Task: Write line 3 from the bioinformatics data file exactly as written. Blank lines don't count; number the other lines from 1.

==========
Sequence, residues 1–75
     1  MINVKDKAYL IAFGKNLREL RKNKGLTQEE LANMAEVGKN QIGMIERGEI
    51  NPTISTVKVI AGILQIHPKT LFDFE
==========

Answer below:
    51  NPTISTVKVI AGILQIHPKT LFDFE